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Ural region geography
Ural natural resources and infrastructure
Economy of the Ural region


 Ural region geography

(Russian Ural’skiye Gory), mountain chain in Russia, extending about 2400 km (about 1500 mi) from its northern boundary at the Arctic Ocean to its southern limits at the steppes of Kazakstan, traditionally separating the continents of Europe and Asia. The chain is divided roughly into four main divisions: the Polar, Northern, Middle, and Southern Urals. The Polar Urals (above latitude 64° North) are treeless arctic tundra. Northern Urals (latitude 64° North to latitude 61° North) constitute a distinct craggy, treeless, narrow range with crests averaging 305 to 460 m (1000 to 1500 ft) in height. This range contains the highest Ural crest, Gora Narodnaya (1894 m/6214 ft). Other Northern peaks include Mount Sablya, Telpos-Iz, and Isherim. The only trees in the area are sparse growths of larch (a type of pine tree).

Numerous plateaus, characterized by broad, flat, marshy valleys, extend in the southwestern direction from the southern limits of Northern Urals. The entire Middle Ural region (latitude 61° North to latitude 60° North) is covered with dense coniferous forests. A succession of northeastern mountain chains marks the northern boundary of Middle Urals. The southern boundary is marked by numerous hills of 305 to 610 m (1000 to 2000 ft) separated by deep ravines. The Konzhakovskiy Kamen, 1571 m (5154 ft) high, is the highest peak of both the northern and southern portions of Middle Urals. Dense forests, rich soils, and fertile valleys cover the entire area.

The south of Middle Urals (latitude 55° North to latitude 51° North) are three parallel mountain chains called the Southern Urals. The first of these, the Urals proper, is a low chain ranging in height from about 670 to 850 m (about 2200 to 2800 ft). To the west, a higher range, containing many rivers, reaches a height of 1594 m (5230 ft) and is paralleled farther west by an equally high range. All three ranges are heavily wooded with deciduous plant life and contain rich pasturelands. The Urals continue from latitude 51° North toward the Volga River and, under the name of Obshchiy Syrt, comprise a system of plateaus reaching 460 m (1500 ft) in the height and 322 km (200 mi) in the width. The south of the Ural River, the Ural chain appears as a group of independent ranges.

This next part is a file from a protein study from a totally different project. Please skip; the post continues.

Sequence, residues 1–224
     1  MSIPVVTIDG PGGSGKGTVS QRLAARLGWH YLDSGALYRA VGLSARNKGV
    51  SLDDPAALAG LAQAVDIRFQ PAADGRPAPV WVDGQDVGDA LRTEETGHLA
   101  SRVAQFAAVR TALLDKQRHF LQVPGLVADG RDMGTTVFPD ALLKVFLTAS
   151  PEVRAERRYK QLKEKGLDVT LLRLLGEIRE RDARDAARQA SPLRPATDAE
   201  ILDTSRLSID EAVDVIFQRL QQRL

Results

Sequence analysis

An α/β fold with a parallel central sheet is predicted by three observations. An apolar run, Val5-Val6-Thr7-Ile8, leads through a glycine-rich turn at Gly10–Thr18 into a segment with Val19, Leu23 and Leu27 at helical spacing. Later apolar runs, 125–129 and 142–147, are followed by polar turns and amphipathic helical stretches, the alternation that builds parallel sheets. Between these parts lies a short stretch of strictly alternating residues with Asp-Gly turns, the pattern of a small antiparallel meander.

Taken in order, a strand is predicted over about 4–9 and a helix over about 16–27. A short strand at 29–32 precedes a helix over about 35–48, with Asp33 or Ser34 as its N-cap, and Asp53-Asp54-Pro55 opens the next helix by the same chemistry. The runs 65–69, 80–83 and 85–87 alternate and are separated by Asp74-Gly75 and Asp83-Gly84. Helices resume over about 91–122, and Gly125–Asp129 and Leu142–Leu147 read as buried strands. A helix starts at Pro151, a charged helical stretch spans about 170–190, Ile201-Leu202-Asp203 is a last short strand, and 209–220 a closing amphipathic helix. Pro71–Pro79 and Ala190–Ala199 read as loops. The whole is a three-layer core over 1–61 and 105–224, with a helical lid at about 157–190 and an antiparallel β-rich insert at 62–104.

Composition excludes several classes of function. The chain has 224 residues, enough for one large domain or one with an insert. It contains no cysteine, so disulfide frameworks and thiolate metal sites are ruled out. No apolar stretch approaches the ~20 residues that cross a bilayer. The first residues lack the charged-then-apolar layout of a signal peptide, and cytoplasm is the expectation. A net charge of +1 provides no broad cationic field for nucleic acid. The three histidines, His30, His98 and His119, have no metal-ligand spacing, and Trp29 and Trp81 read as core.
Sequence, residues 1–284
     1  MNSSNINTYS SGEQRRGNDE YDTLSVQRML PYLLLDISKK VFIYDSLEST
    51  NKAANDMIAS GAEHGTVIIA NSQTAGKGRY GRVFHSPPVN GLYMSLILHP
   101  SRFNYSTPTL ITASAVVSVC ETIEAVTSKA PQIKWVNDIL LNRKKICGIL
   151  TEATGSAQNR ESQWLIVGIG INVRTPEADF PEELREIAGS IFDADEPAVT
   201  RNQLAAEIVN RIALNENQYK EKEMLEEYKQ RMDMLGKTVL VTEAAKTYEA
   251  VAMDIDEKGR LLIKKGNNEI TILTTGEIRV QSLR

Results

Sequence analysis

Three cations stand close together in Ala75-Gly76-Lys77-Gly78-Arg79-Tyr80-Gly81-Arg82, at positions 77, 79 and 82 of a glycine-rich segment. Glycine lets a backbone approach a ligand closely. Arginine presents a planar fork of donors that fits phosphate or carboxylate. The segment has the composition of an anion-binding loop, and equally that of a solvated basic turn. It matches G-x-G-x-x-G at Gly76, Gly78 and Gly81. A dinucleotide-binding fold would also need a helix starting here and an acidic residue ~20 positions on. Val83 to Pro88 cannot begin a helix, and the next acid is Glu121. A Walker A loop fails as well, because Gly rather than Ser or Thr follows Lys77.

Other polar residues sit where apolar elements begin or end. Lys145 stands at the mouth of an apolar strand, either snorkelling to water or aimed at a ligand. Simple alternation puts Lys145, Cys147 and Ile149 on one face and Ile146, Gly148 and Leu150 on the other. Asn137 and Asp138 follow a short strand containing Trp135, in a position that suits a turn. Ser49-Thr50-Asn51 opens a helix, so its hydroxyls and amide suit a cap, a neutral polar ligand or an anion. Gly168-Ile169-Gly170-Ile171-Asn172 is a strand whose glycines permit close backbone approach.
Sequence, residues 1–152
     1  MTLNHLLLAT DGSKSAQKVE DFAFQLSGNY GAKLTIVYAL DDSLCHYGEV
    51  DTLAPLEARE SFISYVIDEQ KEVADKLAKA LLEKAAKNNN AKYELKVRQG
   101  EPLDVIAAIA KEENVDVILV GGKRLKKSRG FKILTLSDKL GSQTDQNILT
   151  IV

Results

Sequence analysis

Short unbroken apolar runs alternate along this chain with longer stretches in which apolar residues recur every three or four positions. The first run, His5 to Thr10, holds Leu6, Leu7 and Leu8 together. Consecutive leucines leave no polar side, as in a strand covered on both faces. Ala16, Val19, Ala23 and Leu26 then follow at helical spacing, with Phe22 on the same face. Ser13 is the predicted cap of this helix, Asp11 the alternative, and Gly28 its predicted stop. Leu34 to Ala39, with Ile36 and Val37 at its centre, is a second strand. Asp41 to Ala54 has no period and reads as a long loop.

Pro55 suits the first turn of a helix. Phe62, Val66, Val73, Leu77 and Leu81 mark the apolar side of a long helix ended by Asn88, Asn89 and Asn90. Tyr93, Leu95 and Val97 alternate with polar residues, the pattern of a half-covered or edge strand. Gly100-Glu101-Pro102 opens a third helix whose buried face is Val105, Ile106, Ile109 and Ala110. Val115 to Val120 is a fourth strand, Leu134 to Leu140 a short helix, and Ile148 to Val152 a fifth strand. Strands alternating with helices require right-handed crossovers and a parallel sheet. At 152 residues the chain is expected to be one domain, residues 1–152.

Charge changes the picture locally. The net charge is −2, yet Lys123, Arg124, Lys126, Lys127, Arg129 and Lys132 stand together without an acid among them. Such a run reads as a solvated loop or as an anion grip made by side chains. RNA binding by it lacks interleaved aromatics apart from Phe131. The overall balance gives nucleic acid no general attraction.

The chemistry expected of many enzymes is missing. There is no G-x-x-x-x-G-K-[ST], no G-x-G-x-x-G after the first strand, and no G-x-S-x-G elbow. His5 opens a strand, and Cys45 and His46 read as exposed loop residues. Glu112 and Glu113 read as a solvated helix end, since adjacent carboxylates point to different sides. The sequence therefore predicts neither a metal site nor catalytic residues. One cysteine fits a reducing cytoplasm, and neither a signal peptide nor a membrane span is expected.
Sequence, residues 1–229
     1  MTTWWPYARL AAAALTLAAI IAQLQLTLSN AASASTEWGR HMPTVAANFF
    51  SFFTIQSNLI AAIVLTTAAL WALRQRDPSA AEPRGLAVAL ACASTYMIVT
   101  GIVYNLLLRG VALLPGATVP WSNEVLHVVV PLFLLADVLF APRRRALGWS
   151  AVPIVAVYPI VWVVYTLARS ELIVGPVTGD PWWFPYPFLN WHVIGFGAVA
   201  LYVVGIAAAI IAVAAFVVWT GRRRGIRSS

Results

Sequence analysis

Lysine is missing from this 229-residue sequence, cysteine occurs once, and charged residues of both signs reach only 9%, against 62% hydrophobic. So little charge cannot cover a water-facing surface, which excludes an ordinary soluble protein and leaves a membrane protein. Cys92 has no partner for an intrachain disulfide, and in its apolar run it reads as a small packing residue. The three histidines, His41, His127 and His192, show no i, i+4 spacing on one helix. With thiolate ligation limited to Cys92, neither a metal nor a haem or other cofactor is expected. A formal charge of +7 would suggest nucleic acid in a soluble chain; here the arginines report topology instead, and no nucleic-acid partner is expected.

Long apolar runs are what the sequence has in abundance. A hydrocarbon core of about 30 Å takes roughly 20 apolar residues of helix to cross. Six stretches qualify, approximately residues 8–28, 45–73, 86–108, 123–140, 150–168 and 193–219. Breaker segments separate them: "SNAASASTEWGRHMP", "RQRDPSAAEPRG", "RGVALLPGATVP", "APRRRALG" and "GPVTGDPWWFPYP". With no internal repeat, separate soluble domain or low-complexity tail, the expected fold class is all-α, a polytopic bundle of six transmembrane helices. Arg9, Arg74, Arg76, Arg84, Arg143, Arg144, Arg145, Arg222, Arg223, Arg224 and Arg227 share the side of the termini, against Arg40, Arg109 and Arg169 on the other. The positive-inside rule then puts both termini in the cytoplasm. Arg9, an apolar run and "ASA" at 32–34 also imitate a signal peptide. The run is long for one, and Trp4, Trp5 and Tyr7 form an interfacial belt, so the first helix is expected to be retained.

Geologically, the Urals are the worn-down stumps of an ancient range that rose toward the end of the Paleozoic era, 250 million years ago (see Permian Period), while the American Appalachian Mountains were forming. The divisions of the range reflect distinct episodes in this ancient upheaval, which squeezed thick sedimentary rock layers into large northern-southern trending folds, then faulted and intruded them with a variety of igneous rocks.

Ural natural resources and infrastructure.

The Urals region occupies an area of eight hundred and twenty thousand square kilometres (one and a half times the size of France), and encompasses the Urals mountains, which form the natural boundary between European Russia and western Siberia. The climate is continental, with an average winter temperature of -15o Celsius and summer temperature of +20o Celsius. The region, with a population of approximately twenty million people, lies about one and a half thousand kilometres east of Moscow.